Georges, Richard Lindner, May-October 1979, p. 76, no. 19
Washington, D.C., Hirshhorn Museum and Sculpture Garden and
Munich, Haus der Kunst, Richard Lindner: Paintings and Watercolors
, October 1996-April 1997, p. 99, no. 39 (illustrated in
Madrid, Fundación Juan March and Valencia, IVAM Centre Julio
González, Richard Lindner, October 1998- March 1999, pp. 50 and 90-91, no. 17 (illustrated in color).

Lot Essay

In West 48th Street, Richard Lindner combines riotous color, hyper-sexualized human figures and a frisson of disquieting power, producing a canvas that superbly illustrates his unmistakable style. West 48th Street exposes the underbelly of life in the metropolis with its rich visual references. Giving voice to the characters that populate society's margins in 1960s New York, Lindner interpolates bright lights, modern society's rapidly changing morals and human sexuality as commodity into one dazzling canvas.

In West 48th Street Lindner summons elements, both formal and unrestrained, from a variety of artistic traditions, bringing them together in a coherent performance that he shrouds in intrigue. This remarkable portrait contains many of Lindner's signature elements: a statuesque, erotically charged woman, a vibrant color palette, linear simplicity and the complex composite way he constructs a human figure. A powerful figure dominates the canvas, part female, part machine-like form. She commands the space in her tight metallic armature, broken only by the exposed breasts and a tantalizing glimpse of bare shoulder and arm. The work is overtly sexual. However, the figure is still extremely feminine despite the masculine appearance; witness her scarlet red lips, her sapphire blue eye shadow and clutch purse placed firmly in front of her. The seemingly contradictory nature of this cyborg lies at the very heart of Lindner's unique aesthetic style. Lindner achieves the visual richness of his canvases by skillfully matching elements of abstraction and figuration that hauntingly evoke characters from his own personal experience and imagination. At times, he composes an image as if he intended us to read his shapes and colors almost totally as formal messages. At other times, he builds on the influence of modern masters like Leger, with his statuesque human figures, and George Grosz with his high-octane sexuality. All this comes together to produce works, like West 48th Street, that are highly emotional and visually charged.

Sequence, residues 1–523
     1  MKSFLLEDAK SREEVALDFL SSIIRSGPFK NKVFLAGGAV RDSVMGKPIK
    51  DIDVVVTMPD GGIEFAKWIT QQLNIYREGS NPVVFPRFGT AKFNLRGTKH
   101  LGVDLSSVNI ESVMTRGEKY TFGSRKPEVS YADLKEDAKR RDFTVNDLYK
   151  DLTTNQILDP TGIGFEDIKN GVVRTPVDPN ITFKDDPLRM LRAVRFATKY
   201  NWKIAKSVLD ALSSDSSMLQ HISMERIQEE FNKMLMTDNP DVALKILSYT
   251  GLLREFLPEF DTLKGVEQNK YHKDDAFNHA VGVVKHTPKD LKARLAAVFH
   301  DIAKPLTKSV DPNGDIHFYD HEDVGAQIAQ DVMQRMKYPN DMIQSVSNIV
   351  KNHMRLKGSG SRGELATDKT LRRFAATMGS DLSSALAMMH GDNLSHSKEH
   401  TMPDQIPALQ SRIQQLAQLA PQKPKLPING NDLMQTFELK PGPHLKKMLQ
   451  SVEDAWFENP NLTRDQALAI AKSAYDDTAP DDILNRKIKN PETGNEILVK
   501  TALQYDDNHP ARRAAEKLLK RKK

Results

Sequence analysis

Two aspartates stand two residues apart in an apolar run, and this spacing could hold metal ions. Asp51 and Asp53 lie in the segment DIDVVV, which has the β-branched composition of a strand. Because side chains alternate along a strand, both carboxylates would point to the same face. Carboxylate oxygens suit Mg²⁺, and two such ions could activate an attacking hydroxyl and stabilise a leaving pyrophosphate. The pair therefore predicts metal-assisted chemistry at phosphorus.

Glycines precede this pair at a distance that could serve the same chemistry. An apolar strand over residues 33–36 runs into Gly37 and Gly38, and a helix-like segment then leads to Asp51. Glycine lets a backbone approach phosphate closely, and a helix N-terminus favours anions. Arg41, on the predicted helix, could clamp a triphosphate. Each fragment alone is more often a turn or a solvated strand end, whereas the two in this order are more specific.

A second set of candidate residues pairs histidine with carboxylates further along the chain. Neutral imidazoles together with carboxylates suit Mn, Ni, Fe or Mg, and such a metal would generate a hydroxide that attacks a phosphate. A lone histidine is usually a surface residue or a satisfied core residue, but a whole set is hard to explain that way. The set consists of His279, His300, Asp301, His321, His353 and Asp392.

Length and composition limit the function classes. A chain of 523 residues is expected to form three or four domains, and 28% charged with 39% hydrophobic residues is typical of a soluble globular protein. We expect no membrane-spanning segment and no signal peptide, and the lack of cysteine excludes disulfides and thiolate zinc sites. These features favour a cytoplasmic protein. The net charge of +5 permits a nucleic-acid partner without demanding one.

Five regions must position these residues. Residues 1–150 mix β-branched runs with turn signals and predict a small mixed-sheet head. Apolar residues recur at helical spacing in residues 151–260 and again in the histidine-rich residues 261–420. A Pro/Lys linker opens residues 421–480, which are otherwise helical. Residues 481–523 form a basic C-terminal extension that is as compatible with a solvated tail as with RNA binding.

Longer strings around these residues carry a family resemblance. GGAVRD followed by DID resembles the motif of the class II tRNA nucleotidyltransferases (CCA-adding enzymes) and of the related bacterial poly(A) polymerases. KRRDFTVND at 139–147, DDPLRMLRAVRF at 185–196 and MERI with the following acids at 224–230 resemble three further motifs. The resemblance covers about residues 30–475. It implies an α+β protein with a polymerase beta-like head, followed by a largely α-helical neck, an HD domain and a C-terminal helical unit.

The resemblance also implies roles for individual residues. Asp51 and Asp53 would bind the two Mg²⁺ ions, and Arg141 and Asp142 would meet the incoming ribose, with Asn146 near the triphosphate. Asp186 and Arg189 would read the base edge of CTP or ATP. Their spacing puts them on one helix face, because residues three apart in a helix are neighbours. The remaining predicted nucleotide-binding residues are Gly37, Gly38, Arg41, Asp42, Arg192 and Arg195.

Linder's deftly handles seemingly contradictory formal elements. This resulted from the place and time of his birth. Born in 1901, Richard Lindner came too late for the great artistic tradition of the 19th Century, but lived through the chaos and upheaval of the two world wars, modern history's greatest conflicts. He grew up in Nuremberg, a city with a medieval reputation as the birthplace of the Iron Maiden. This formidable torture device consisted of an iron cabinet tall enough to enclose a human being, with a small opening that enabled a torturer to interrogate his victim by piercing their body. Lindner carries this sense of tension through much of his work. Although not depicted explicitly, many of Lindner's female figures, including the striking figure in West 48th Street evoke unease as they are rendered machine-like, their bodies encased in Maiden-like metallic armature and stiff, restrictive corsets.